Challenges and Opportunities in Stroke
Giulia Ciccarese1, Francesco Drago2, Bianco Drago1, Aurora Parodi2
1 Dermatology Clinic, Ospedale Policlinico San Martino, Largo Rosanna Benzi, 10 16132, Genoa, Italy
2 Dermatology Clinic, Ospedale Policlinico San Martino, Largo Rosanna Benzi, 10 16132, Genoa, Italy; DI.S.Sal., Section of Dermatology, University of Genoa, Via Pastore, 1, 16132, Genoa, Italy
Jessica P McCabe1, Janis J Daly2, Michelle Monkiewicz1, Marianne Montana1, Kristi Butler1, Jean Rogers3, David Aron4
1 Cognitive and Motor Learning Research Program, Cleveland VA Medical Center, Cleveland, USA
2 Cognitive and Motor Learning Research Program, Cleveland VA Medical Center, Cleveland, USA; Department of Neurology, College of Medicine, University of Florida, Gainesville, Florida, USA; Brain Rehabilitation Research Center of Excellence, North Florida/South Georgia Department of Veterans Affairs Medical Center, Gainesville, Florida
3 Cognitive and Motor Learning Research Program, Cleveland VA Medical Center, Cleveland, USA; HSR&D Center for Implementation Practice and Research Support, Cleveland VA Medical Center, Cleveland, USA
4 HSR&D Center for Implementation Practice and Research Support, Cleveland VA Medical Center, Cleveland, USA; Medicine and Epidemiology and Biostatistics, School of Medicine; and Weatherhead School of Management, Case Western Reserve University, Cleveland, USA
Background: New models of care delivery are necessary to meet workforce needs while delivering expert care in neurorehabilitation. Therefore, we sought to develop and assess the implementation of a new model of care for neurorehabilitation using a 5-member team of therapists (5-Team Model) for the treatment of individuals with chronic stroke, rather than a conventional single-therapist model.
Methods: A mixed methods approach was employed; continuous quality improvement methods and quasi-experimental pre-test/post-test methods were used to assess the effectiveness of the new model.
Six chronic stroke patients participated in an upper limb neurorehabilitation motor learning protocol 5 days/week, 5 hours/day (60 sessions; 300 hours); treatment was administered using the 5-Team Model approach to treatment.
Results: Mean improvement on the Fugl Meyer (FM) was 11.5 points. All six participants demonstrated improvement on Fugl Meyer that was within or beyond the minimal clinically important difference (MCID) range of 4.25-7.25 points for chronic stroke. Results indicated that the 5-Team Model was effective in implementing care.
Conclusions: The 5-Team Model for neurorehabilitation was successfully implemented, with patient hand-off every day to a different therapist; it produced clinically significant improvement on a measure of coordination (FM) which is comparable to or better than prior reports from a standard care model. This new model of care met the needs of the research team workforce for flexibility, while maintaining the level of quality of care. Successful implementation required addressing a series of hindering factors in an iterative manner and enhancing promoting factors. These elements included the context within which the change was implemented, the methods used in implementing the change, the evidence that the change was successful, and communication that the change was successful. The context requirements included existing framework and participating model members who were willing to exert the required effort for success, model champions. This high level of enthusiastic participation along with strong leadership contributed to long-term success, sustainability.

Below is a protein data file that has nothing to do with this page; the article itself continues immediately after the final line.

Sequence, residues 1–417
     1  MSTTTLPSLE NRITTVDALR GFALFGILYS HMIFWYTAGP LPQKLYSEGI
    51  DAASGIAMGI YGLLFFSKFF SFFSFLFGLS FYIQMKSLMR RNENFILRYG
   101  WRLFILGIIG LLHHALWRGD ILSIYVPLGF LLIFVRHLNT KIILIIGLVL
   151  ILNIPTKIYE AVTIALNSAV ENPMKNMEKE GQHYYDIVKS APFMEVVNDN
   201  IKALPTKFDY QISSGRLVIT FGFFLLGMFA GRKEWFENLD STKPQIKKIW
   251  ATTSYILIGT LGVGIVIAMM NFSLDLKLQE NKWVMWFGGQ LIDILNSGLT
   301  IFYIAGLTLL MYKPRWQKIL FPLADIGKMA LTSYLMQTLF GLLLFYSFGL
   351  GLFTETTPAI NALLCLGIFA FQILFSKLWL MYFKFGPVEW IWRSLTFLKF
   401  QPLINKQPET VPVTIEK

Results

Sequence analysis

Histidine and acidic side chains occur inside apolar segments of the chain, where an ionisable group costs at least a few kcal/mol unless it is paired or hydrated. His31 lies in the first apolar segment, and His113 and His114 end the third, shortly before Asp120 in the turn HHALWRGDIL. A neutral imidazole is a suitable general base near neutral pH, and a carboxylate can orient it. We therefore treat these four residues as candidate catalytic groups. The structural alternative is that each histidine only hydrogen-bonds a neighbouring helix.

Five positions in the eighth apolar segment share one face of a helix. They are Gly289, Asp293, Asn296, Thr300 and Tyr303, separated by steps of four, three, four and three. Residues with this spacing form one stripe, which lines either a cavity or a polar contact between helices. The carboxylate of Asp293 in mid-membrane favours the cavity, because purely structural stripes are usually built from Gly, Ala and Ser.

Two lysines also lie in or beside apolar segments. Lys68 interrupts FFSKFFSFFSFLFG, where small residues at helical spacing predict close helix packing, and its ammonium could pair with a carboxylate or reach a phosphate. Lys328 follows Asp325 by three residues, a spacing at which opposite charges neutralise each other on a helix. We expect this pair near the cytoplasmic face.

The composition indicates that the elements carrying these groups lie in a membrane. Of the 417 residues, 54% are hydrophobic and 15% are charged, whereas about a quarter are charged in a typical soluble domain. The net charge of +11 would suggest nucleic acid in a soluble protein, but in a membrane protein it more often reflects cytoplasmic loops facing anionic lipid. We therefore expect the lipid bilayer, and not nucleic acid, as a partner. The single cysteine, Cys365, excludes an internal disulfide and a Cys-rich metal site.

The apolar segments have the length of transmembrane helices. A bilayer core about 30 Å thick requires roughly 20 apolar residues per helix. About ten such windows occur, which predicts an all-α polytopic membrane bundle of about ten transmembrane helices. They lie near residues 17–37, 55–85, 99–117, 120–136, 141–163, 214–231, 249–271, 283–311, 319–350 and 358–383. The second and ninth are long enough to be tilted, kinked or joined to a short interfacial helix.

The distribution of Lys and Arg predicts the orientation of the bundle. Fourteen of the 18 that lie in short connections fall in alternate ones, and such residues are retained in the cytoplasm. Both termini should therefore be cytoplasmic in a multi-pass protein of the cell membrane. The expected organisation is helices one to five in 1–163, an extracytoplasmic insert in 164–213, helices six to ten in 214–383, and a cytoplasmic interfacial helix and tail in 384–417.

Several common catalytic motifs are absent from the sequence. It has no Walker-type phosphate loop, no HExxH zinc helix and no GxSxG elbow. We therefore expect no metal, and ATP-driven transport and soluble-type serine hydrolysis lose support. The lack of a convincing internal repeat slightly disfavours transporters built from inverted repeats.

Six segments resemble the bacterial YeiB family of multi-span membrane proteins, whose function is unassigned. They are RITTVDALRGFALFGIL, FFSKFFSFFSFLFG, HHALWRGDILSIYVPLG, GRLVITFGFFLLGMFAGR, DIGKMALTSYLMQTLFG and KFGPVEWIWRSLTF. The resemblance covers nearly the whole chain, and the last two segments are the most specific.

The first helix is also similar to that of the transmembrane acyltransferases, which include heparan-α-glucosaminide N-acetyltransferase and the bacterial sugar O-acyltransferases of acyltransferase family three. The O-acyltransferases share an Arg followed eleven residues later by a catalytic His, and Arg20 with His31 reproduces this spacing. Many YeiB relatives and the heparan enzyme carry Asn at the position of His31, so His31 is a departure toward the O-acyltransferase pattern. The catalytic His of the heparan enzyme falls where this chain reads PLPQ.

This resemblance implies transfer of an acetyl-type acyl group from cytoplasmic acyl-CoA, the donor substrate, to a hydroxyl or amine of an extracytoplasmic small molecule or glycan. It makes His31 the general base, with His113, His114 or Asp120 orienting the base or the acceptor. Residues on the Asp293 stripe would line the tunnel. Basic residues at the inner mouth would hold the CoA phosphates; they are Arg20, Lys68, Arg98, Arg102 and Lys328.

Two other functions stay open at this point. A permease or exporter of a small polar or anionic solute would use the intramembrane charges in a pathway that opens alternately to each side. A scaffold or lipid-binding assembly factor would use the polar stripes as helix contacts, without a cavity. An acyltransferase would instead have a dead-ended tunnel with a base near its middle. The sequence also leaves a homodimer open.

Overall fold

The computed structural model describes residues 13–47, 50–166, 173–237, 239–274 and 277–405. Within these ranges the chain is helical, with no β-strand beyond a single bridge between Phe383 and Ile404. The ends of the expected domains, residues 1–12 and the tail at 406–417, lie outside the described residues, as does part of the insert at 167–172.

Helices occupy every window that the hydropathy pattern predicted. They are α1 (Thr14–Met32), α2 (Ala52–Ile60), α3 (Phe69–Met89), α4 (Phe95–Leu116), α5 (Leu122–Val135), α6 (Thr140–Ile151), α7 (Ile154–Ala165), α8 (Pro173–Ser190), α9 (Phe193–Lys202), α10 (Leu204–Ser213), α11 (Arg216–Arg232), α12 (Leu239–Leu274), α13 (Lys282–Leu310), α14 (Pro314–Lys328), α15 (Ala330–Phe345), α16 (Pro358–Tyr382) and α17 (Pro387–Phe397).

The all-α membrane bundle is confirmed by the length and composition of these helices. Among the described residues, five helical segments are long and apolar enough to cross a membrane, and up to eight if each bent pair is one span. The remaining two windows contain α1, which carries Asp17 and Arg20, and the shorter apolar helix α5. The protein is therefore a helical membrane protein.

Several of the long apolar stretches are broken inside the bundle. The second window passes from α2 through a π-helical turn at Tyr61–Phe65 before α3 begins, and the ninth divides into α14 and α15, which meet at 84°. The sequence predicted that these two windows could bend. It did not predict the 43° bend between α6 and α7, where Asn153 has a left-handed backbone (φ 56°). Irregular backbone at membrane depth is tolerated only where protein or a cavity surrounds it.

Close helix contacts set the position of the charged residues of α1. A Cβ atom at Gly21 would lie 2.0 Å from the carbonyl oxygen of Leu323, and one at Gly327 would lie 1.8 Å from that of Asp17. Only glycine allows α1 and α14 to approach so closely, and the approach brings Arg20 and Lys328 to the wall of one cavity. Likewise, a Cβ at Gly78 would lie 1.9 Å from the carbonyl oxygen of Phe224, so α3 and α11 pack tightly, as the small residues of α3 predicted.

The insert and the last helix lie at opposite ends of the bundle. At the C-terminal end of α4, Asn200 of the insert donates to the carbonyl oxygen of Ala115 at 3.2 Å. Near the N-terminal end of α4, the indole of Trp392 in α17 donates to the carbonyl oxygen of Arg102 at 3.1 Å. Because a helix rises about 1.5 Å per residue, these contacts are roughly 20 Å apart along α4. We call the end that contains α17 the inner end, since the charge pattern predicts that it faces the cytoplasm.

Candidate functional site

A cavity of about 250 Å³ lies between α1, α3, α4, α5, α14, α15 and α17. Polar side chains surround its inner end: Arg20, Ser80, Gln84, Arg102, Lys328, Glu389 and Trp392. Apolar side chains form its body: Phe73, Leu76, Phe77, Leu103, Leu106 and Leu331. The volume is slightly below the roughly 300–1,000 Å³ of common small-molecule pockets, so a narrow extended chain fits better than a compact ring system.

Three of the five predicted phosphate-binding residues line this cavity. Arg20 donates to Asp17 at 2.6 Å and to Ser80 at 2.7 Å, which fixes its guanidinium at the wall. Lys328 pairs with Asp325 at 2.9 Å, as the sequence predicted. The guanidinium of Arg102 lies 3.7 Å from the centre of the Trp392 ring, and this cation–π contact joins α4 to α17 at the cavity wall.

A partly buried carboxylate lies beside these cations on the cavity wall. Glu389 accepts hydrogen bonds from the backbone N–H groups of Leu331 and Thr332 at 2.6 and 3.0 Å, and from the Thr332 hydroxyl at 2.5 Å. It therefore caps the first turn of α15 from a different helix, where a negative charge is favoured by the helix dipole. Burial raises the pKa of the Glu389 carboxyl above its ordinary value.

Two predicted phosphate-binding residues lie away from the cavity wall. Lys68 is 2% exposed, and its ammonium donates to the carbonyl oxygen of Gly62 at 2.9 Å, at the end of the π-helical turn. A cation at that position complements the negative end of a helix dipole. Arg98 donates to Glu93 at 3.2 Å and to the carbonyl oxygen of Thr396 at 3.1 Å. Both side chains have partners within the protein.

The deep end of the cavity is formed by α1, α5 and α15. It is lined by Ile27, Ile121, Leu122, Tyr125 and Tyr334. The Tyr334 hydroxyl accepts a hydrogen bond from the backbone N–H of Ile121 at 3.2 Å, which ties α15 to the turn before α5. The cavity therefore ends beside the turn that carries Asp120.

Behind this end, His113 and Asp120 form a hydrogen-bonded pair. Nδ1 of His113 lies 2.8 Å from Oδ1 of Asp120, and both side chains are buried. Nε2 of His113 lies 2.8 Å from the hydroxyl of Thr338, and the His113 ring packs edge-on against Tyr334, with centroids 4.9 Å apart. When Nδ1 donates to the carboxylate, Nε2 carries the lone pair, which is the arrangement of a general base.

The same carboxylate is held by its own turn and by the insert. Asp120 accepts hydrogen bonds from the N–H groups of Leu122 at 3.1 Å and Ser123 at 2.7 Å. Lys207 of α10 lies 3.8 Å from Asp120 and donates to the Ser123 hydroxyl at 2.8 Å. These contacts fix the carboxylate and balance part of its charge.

C (Linda) M.C. van Campen1, Frans C. Visser1
1 Stichting CardioZorg, Planetenweg 5, 2132 HN Hoofddorp, Netherlands
Introduction: In patients with myalgic encephalomyelitis/chronic fatigue syndrome (ME/CFS) a higher-than-normal resting heart rate has been reported in a number of studies. As heart rate is linked to stroke volume, the present study explored the relationship between the supine heart rate and stroke volume index in healthy controls and in ME/CFS patients. Moreover, as patients with a postural orthostatic tachycardia syndrome (POTS) during tilt testing, have a higher supine heart rate than patients with a normal heart rate and blood pressure response during tilting, these two patient groups were also compared.
Methods and results: From a database of individuals who had undergone tilt-testing, including supine Doppler measurements for stroke volume index calculation, we selected ME/CFS patients and healthy controls without evidence of hypotension or syncope. 474 ME/CFS patients were analyzed, 314 with a normal heart rate and blood pressure response and 160 with POTS during tilt-testing, and 56 healthy controls. Resting stroke volume indices were similar between the 3 groups. All 3 groups had an inverse relation between the resting stroke volume index and resting heart rate (all p<0.0001). The slope of the relation was not significantly different between the 3 groups. Using the upper limit of the 95% prediction interval for the heart rate of healthy controls, 46 (15%) of patients with a normal heart rate and blood pressure response had a resting heart rate above the upper limit, 248 (85%) a heart rate between the upper and lower limit. In 47 (29%) patients developing POTS the resting heart rate was above the upper limit, and in 113 (71%) patients within the upper limit and lower limit. This distribution was significantly different between the two patient groups (p=0.0001).